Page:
Larger than life: Rodeo legend Hub Hubbell

 

Larger than life: Rodeo legend Hub Hubbell

 

Date: May 8, 2013
by: Pam Eubanks | Managing Editor

 
 

 

 

EAST COUNTY — Judith Leipold heard of Hub Hubbell soon after moving in 1974 to Sarasota; the name followed her wherever she went.

The legendary rodeo personality was known for his gun tricks, his patriotic spirit and his love of promoting rodeos and the performers at them.

“I moved in 1985 to Arcadia, and everyone assumed I knew Hub, because I was from Sarasota,” said Leipold, who moved back to the area in 2004. “I’d still never met him.”

But, when she did, her life changed forever.

In 2010, while working as a media specialist at Braden River Elementary School, Leipold attended a Western-themed faculty meeting at Rosaire’s Riding Academy. While there, she made sure to thank the gentleman who was teaching teachers to rope.

“He introduced himself as Hub Hubbell,” she said. “(The other teachers) didn’t understand he was a legend. I couldn’t tear myself away from (him).”

Three years later — and after Hubbell’s death March 3, 2012, at 93 years old — his persona is still impacting Leipold.

And, Leipold has made Hubbell’s story larger than life, so to speak.

Peppertree Press recently released “Destiny’s Wild Ride,” a children’s tall tale based on Hubbell’s life. Leipold’s biography of Hubbell, “Straight from the Horse’s Mouth,” came out in late March.

She said the biography, in particular, not only is a tribute to Hubbell’s life, but also a promise fulfilled to Hubbell, who wanted his life story preserved on paper.

“He was such an exaggeration of life,” Leipold said. “He rode horses until he was 90, when he fell off (doing a riding stunt) and broke his neck.”

When Leipold met Hubbell that summer day in 2010, she never realized the closeness of the friendship that would develop as she spent up to four days a week visiting him, taking him to buy groceries and doctors visits and talking on the phone.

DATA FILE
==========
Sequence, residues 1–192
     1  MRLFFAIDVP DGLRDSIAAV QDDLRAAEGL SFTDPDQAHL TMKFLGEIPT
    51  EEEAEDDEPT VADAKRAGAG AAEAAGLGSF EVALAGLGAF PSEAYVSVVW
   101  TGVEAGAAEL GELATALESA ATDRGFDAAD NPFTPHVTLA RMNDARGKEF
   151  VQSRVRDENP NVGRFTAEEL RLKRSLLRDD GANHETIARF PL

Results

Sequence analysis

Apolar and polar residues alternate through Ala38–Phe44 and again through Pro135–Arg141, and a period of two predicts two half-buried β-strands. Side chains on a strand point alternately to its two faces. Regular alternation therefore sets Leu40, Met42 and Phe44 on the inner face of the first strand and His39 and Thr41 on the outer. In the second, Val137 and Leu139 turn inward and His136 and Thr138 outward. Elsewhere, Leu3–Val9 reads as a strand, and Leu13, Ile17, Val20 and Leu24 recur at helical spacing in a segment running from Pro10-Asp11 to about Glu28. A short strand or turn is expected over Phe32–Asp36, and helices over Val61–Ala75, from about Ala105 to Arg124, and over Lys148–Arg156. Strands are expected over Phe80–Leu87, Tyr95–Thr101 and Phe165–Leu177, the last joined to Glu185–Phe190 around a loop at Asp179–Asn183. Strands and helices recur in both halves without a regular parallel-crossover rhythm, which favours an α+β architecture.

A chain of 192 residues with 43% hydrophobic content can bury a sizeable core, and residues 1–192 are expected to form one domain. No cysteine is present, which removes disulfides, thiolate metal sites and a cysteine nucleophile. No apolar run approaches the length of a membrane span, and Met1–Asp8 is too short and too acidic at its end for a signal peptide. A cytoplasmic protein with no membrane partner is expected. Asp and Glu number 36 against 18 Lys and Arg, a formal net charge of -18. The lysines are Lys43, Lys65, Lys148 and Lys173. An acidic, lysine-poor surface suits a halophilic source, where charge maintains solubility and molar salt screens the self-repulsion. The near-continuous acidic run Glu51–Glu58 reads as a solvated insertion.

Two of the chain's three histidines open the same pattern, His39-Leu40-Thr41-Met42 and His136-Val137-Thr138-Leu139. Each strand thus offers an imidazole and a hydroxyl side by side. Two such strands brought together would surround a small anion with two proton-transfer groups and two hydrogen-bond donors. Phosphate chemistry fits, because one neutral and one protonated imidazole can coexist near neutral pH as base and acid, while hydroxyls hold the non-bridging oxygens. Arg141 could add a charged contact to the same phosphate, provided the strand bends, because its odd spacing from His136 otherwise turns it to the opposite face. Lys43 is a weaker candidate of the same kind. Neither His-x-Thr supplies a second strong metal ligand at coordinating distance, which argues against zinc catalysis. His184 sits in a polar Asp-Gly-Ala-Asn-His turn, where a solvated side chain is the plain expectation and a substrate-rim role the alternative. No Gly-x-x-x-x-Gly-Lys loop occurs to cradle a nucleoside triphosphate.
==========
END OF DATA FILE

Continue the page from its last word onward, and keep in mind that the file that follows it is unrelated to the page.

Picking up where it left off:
“He became like a father to me,” Leipold said. “We become very close.”

Later that year, Leipold retired early to care for her aging mother.

“I needed an outlet,” she said.

Leipold decided to write a book.

“I thought of (Hub) as a tall-tale character,” she said. “I wrote a story and gave it to him as a Christmas gift. He said he wanted (me to write a biography).”

Leipold protested. She didn’t write true stories. Hubbell persisted.

“He said, ‘I want a true book about my friends and my family,’” Leipold said. “They’re all special people.”

Leipold initially balked at the task of writing a biography about Hubbell, and she needed direction on where to start. Hubbell provided her with a list of names, wrote those friends letters and got back basic biographical information from all of them.

Leipold’s first interview was with Pepe Tomeu — a rodeo man who stopped fishing in a boat in the middle of the lake to take her call and share Hubbell’s impact on his life. Tomeu, who was a Cuban prisoner of war during the Bay of Pigs Invasion, had been released from captivity and immigrated to the United States with plans to join the U.S. military.

At 19 years old, Tomeu heard local rodeo might be a quick way to earn some extra money.

Hubbell, who was announcing that rodeo, met Tomeu and quickly learned his story — and of his support of President John F. Kennedy’s efforts — and announced Tomeu with a gush of patriotism.

What Tomeu said next made Leipold buy in to Hubbell’s idea for the book.

“Pepe said, ‘He gave me America that day,’” Leipold said. “Every chapter (of the book) involves people who touched his life and why they were important,” she said.

Leipold said after talking with Hubbell’s former colleagues, she couldn’t picture the book turning out any differently.

“Hub was right (about the book),” she said.

Leipold worked hard to finish the book, but was just a few chapters away from completion when Hubbell died last year.

His death stole Leipold’s desire to write, because the book had truly been a gift to Hubbell, himself. She surrounded herself with pictures of Hubbell, but continued to stare blankly at the computer screen. She lacked inspiration.

Six months passed. And, then, after asking a high school friend, an author, how to overcome writer’s block, Leipold regained her enthusiasm,. When Leipold realized she was still grieving Hubbell’s death, she was able to proceed.

“(My friend) said, ‘Finish the book,’” Leipold said. “‘Make Hub happy.’”

Within a month, the final four chapters had been completed.

Sarasota’s Peppertree Press began the editing process. The biography came out late last month.

Leipold smiles thinking back to all of Hubbell’s friends with whom she has connected. There are so many stories still to tell.

“I plan to do a revision,” she says. “There are more interviews to be done.”

Contact Pam Eubanks at peubanks@yourobserver.com.

 

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